Schouten-Korwa is a sole trader. Lawyer Fadjar Schouten-Korwa has a special focus on international law, human rights, the rights of indigenous peoples and the right of self-determination.

The principal (and secondary) legal practice area(s) in the Netherlands Bar’s register of legal practice areas (rechtsgebiedenregister) is “General Practice (Administrative Law and Civil Law)”. Based on this registration ten training credits per calendar year in each registered principal legal practice area is required in accordance with the standards set by the Netherlands Bar.


Human rights protect the dignity of all human beings. Everyone has human rights, regardless of gender, ethnic origin, religion or political affiliation. These rights apply always and everywhere, for everyone.

The basis for all international treaties and agreements on human rights is the Universal Declaration of Human Rights. This statement was adopted by the United Nations on December 10, 1948. Subsequently, many treaties were concluded, in which human rights are described more precisely and which states the restrictions, e.g. the prohibition of discrimination.


The right of self-determination was included in the Charter of the United Nations 1945.  Subsequently, self-determination evolved into a right of peoples as a result of various authoritative resolutions of the UN General Assembly, and incorporation into various international conventions (such as International Covenant on Civil and Political Rights, Article 1, and International Covenant on Economic, Social and Cultural Rights, Article 1). Every nation can determine its political, social, economic and cultural future on the basis of the right to self-determination. The definition of the right of self-determination:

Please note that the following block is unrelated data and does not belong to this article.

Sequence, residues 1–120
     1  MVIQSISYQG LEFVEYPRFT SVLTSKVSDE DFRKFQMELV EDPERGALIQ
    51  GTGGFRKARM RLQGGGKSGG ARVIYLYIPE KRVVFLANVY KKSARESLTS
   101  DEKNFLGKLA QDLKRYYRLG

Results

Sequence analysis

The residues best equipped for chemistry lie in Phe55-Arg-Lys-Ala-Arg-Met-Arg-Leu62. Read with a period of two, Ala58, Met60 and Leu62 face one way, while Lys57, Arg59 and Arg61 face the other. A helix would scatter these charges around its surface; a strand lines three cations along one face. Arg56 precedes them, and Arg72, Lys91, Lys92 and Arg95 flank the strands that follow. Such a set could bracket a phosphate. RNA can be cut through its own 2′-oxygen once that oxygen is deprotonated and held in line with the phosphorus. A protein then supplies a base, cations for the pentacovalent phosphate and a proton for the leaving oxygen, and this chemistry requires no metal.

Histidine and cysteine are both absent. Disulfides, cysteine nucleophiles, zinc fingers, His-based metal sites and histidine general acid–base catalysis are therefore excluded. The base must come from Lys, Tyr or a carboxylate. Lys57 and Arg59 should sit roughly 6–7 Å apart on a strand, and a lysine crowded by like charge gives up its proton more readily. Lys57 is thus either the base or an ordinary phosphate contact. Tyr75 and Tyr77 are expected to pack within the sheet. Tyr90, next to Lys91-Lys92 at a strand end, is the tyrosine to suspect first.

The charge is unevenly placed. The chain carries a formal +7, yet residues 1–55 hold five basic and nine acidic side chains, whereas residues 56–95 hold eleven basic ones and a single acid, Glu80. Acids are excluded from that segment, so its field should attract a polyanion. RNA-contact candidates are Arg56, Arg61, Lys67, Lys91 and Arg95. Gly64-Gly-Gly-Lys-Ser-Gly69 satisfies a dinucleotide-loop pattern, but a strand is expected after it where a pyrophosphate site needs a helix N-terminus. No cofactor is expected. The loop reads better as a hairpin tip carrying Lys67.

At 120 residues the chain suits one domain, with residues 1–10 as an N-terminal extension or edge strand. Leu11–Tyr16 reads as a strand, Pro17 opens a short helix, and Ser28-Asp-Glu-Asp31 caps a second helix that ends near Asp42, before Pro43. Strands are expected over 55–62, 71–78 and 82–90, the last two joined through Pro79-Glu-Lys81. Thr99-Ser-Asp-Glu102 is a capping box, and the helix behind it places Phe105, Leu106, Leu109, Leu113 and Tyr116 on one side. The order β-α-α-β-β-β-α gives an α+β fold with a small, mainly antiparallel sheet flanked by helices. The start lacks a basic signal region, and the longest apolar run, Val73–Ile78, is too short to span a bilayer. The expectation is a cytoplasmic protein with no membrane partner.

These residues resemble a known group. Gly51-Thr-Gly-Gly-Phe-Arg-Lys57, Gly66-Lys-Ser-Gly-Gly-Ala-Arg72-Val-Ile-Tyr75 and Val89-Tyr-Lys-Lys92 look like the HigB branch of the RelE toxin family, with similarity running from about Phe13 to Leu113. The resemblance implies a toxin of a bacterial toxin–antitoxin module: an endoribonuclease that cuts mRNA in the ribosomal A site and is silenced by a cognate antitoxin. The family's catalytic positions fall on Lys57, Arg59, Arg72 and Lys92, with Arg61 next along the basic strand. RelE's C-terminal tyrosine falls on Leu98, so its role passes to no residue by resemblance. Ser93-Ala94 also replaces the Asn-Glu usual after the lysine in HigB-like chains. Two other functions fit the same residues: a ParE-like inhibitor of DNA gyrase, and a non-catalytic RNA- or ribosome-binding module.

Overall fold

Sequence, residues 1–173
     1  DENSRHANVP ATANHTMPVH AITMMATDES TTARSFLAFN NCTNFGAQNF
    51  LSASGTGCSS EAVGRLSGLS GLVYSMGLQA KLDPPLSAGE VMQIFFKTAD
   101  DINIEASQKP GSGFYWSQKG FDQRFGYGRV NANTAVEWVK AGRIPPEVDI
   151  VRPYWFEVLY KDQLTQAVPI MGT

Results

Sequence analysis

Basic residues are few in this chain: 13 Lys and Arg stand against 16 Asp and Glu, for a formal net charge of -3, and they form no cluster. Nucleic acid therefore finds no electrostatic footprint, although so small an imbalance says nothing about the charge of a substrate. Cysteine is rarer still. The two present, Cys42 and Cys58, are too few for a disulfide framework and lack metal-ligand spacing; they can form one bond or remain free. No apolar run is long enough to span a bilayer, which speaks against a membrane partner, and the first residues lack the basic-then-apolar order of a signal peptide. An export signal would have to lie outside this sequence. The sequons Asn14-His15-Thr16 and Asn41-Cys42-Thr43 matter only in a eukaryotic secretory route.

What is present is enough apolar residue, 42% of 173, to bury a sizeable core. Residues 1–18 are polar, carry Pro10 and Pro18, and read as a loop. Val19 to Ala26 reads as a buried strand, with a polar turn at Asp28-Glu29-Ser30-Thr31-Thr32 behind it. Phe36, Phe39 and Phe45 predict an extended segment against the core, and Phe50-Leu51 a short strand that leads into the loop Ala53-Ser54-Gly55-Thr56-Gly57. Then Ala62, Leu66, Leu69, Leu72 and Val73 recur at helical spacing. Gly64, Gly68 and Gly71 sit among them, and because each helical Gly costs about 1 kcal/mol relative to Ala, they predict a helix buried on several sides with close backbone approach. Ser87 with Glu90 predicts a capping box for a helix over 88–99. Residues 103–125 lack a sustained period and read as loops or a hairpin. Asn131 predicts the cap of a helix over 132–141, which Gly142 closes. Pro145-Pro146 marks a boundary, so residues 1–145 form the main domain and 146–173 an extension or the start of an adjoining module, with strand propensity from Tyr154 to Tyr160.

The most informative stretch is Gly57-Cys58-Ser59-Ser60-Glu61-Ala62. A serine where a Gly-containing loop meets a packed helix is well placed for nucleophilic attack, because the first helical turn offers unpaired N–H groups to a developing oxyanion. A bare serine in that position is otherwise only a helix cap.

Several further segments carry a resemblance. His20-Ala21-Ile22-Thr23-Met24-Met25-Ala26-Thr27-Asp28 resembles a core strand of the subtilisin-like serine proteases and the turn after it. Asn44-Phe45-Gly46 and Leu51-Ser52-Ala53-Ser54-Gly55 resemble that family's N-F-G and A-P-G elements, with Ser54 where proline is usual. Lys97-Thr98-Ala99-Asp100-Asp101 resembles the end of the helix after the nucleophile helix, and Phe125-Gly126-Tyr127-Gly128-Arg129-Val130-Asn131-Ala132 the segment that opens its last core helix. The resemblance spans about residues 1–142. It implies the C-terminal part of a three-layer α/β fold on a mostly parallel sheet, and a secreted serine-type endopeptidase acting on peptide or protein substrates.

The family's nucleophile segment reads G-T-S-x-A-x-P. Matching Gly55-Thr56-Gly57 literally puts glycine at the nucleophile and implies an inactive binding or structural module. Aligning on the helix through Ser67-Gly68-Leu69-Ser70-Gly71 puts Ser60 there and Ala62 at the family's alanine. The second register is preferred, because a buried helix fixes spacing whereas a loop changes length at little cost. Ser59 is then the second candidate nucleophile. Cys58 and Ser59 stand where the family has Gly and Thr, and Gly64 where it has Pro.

‘’All peoples have the right of self-determination. By virtue of that right they freely determine their political status and freely pursue their economic, social and cultural development.’’


There are an estimated 370 million indigenous people in the world, living across 90 countries. They make up less than 5 per cent of the world’s population, but account for 15 percent of the poorest. They speak more than 6,000 languages and represent 5,000 different cultures.

The inheritors and practitioners of these unique cultures represent a continuum of intellect and creativity throughout history. These are distinct from dominant societies and they have a deep understanding of the interconnectedness of all living things. This is often manifested through ceremony and storytelling with an emphasis on community, cooperation and responsibility to protect the environment.

Indigenous peoples have continuously sought  recognition of their identities, way of life and their right to traditional lands, territories and natural resources. Yet throughout history their rights have been repeatedly violated.

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